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Re: From syntactic to interpreted triple

From: Pierre-Antoine Champin <pierre-antoine.champin@ercim.eu>
Date: Tue, 9 Feb 2021 11:18:01 +0100
To: "Peter F. Patel-Schneider" <pfpschneider@gmail.com>, public-rdf-star@w3.org
Message-ID: <2070a662-f3b1-07cb-dfc9-6b451c2f0bd5@ercim.eu>

On 08/02/2021 19:01, Peter F. Patel-Schneider wrote:
> On 2/8/21 11:08 AM, Pierre-Antoine Champin wrote:
>> On 08/02/2021 14:37, Peter F. Patel-Schneider wrote:
>>> On 2/8/21 7:05 AM, Pierre-Antoine Champin wrote:
>>>> I didn't mean "the proposed semantics can consider embedded RDF* triples as
>>>> referentially transparent". I agree that it does not.
>>>> What I meant is "the proposed semantics covers /that use case".
>>>> /Differently, of course, of how if would be covered with
>>>> referentially-transparent triples.
>>> You appear to have been referring to the following exchange:
>>> On 2/7/21 5:11 AM, Pierre-Antoine Champin wrote:
>>>> On 05/02/2021 23:27, phayes@ihmc.us wrote:
>>> [...]
>>>>> <<:me :travelTo :Berin>> :on :Wednesday .
>>> [...]
>>>>> and it seems to be about :Berlin, the city, rather than ":Berin" the URI.
>>>>> So are y'all on the same wavelength?
>>>> On the question "is the embedded triple asserted or nor", I think we are.
>>>> On the question of referential opacity vs. referential transparency, there
>>>> are indeed some discussions.
>>>> The point I have been making in favor of referential opacity is that it is
>>>> more flexible. In other words, use-cases that require referential transparency
>>>> can be addressed with referentially-opaque triples, but the opposite is not true.
>>>> In the "travel to Berlin" example above, of course that the annotation (:on
>>>> :Wednesday) is not about the triple itself, but about the situation described
>>>> by the triple. It seems to me that, as along as we agree that this is the
>>>> semantics of the predicate :on, and we use it consistently, this is not a problem.
>>>> Similarly, consider a predicate :heightInCm, whose range would be xsd:decimal :
>>>>      :monalisa :heightInCm "77"^^xsd:decimal.
>>>> The height of the Mona Lisa is not a decimal number, but we understand the
>>>> predicate to implictly refer to an intermediate concept (a physical length),
>>>> which in turns is related to the decimal value.
>>>> Does this make sense?
>>> The argument here appears to be that a use case is covered if the semantics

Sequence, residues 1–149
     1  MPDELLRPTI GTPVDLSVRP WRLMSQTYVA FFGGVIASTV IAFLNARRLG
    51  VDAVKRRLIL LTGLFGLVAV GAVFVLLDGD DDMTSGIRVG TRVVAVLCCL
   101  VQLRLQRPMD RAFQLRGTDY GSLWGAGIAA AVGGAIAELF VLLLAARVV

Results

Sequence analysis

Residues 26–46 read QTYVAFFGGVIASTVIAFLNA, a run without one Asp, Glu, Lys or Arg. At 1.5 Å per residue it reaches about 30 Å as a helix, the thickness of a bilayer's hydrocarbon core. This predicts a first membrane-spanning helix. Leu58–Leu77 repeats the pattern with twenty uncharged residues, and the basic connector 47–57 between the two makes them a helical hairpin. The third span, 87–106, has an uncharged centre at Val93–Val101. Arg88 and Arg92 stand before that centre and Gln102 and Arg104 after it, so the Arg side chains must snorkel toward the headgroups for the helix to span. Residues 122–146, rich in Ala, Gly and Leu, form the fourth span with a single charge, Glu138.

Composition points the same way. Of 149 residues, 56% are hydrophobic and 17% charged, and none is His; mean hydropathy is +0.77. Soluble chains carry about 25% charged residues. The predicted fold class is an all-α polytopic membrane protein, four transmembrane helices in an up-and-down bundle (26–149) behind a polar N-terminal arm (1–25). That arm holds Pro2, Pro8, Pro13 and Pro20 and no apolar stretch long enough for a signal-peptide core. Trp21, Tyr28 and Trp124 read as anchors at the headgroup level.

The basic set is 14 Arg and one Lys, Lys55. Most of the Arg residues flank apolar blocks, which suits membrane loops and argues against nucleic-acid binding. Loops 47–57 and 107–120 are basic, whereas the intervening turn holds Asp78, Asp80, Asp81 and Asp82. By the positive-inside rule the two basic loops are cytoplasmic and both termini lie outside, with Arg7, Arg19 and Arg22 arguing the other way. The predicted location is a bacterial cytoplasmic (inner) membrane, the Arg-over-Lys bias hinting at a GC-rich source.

>>> makes strictly fewer entailments than required by the use case.  I don't buy
>>> into that argument.
>> Ok, I read "is covered" as "can be addressed". Arguably this is a very weak
>> notion of "covering", and if Thomas's intent was instead "can be /entirely/
>> addressed", then I retract my remark.
>> That being said, RDF itself has a very weak semantics, and there are very
>> few use-cases that "can be entirely addressed" without additional axioms,
>> rules, or other forms of additional knowledge about the vocabulary used in
>> the graph... I assumed that it was ok for RDF* to require such additional
>> knowledge.
>> Conversely, I am concerned that some entailments may be not just
>> un-required, but undesired for some use-cases. If such entailments were
>> baked into the core semantics of RDF*, then such use-cases could not be
>> addressed at all, regardless of the addition of rules or axioms...
>>> peter
> Not necessarily.   Mapping semantics for embedded triples can be "extended"
> from transparent to opaque by adding extra triples.

I see how that works in the definition of the mapping, i.e. at the 
general level. But how do you locally add opacity to an embedded triple 
if its default semantics is transparent?

Concretely, assuming that 1) embedded triples are defined to be 
referentially transparent, and 2) C1 and C2 are two terms that are known 
to denote the same thing (either because they are recognized literals 
with the same value, or two IRIs marked as owl:sameAs under OWL-entailment).

Any triple of the form

   :s :p << :a :b C1 >>.

would entails

   :s :p << :a :b C2 >>.


So in my provenance use-case:

   # file1.ttl contains a triple with predicate :b and object C1 (and an 
unspecified subject)
   <file1.ttl> :contains << [] :b C1 >>.

would automatically entail

   <file1.ttl> :contains << [] :b C2 >>.

which is a spurious inference (file1.ttl does not mention C2, only C1.

I don't see how this could be fixed by adding extra triples, given the 
monotonicity of RDF semantics. Hence my claim that this this use-case 
can not be addressed using transparent embedded triples.

What am I missing?

> peter
> PS:  Of course, *none* of these approaches to embedded triples are ideal, as
> embedding logical syntax inside facts is a very complex notion.

Received on Tuesday, 9 February 2021 10:18:06 UTC

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